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Kaplan, C.M. (2013). “Sudden Holes in Space and Time”: Trauma, Dissociation, and the Precariousness of Everyday Life. Psychoanal. Inq., 33(5):467-478.

(2013). Psychoanalytic Inquiry, 33(5):467-478

“Sudden Holes in Space and Time”: Trauma, Dissociation, and the Precariousness of Everyday Life

Carola M. Kaplan, PsyD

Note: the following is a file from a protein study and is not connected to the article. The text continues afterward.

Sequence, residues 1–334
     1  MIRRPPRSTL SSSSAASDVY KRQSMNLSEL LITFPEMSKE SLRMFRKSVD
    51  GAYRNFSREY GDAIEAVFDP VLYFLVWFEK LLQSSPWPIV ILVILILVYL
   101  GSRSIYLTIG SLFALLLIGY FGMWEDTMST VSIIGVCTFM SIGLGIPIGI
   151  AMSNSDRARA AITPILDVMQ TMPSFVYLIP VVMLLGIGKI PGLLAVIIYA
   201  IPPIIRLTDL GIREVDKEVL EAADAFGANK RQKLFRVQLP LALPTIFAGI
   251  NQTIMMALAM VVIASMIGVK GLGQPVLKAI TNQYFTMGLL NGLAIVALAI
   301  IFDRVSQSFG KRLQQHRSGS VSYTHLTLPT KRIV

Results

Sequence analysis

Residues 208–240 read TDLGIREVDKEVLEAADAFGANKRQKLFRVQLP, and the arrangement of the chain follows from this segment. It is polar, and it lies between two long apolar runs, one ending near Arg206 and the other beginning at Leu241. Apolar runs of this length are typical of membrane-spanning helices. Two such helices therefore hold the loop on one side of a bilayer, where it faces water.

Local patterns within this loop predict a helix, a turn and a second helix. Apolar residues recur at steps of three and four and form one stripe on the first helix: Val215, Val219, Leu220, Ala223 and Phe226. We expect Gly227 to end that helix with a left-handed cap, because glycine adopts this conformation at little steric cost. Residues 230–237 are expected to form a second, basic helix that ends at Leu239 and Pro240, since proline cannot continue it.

Famous early on for his tales of the sea and exotic adventure, Joseph Conrad, in the course of his literary career, became increasingly interested in the difficulties of domestic life. In The Secret Agent (1907), most particularly, Conrad exposes the dangers and deficiencies of family life, especially its failure to protect women and children. The extremities of affect and trauma suffered by the characters in this novel may serve to illuminate the murkier and less extreme versions of trauma and consequent dissociation, as encountered in contemporary psychoanalytic treatment. Indeed, Conrad's examination of the underbelly of domestic relationships has helped me to understand the vicissitudes of family life and related experiences of trauma and dissociation suffered by several of my patients, as illustrated by two clinical examples.

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